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In embedded programming, it's often needed to replace the default Linux boot output by some custom 'loading' animation or splash screen from power-on to up-and-running.

What is the way to achieve this?

Is there a way to use the same 'process' throughout the whole boot sequence for that?

How can this be solved? I'm guessing we need a home-brew kernel for that?


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1 Answer 1

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The solution usually goes along the lines of:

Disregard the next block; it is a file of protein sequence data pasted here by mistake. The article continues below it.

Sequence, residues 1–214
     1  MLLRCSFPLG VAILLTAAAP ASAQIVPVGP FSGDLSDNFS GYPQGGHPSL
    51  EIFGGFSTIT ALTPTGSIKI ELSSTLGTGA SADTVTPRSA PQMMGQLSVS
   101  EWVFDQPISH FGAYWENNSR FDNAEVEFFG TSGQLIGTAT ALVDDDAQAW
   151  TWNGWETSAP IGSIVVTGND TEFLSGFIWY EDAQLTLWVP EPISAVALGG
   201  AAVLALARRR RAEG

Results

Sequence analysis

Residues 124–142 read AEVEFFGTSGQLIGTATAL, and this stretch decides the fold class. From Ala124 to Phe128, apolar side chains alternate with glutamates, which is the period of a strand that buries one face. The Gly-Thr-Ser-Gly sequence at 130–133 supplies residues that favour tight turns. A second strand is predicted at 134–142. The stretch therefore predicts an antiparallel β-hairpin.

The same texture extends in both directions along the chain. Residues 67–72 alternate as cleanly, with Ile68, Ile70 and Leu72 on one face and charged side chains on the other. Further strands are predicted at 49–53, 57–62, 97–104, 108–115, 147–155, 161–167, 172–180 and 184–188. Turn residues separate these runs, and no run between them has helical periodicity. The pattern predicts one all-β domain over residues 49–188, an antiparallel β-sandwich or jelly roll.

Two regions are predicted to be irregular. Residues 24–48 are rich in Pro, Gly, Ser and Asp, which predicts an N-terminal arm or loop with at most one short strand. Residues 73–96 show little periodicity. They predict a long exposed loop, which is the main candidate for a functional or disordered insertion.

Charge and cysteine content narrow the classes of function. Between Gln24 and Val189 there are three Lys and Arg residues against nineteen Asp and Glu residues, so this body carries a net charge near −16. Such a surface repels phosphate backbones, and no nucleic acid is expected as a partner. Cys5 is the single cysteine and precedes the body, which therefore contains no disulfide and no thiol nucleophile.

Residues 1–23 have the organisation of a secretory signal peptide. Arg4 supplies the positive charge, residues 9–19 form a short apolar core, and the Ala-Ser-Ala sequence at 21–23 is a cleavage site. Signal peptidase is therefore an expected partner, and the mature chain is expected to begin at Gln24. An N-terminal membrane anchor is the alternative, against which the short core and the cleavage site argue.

1. Optionally, put a static image on the screen from the boot loader code (e.g. uboot, syslinux, redboot).

  2. Using the Linux kernel command line "quiet" directive to suppress normal kernel load output (and speed up boot time while you're at it).

  3. As one of the very first programs started from init, draw your splash animation throughout the boot init sequence until it is finished.

For example, Android phones usually put some static image in the boot loader and then run the surfaceflinger program from the startup init scripts to draw the animated Android logo until the boot is finished.

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